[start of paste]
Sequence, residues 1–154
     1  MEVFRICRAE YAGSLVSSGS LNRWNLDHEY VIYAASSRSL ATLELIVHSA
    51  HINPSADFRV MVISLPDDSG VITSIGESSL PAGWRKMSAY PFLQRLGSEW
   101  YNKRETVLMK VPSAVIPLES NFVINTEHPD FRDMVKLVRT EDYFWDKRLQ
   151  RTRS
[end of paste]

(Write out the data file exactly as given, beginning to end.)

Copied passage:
Sequence, residues 1–154
     1  MEVFRICRAE YAGSLVSSGS LNRWNLDHEY VIYAASSRSL ATLELIVHSA
    51  HINPSADFRV MVISLPDDSG VITSIGESSL PAGWRKMSAY PFLQRLGSEW
   101  YNKRETVLMK VPSAVIPLES NFVINTEHPD FRDMVKLVRT EDYFWDKRLQ
   151  RTRS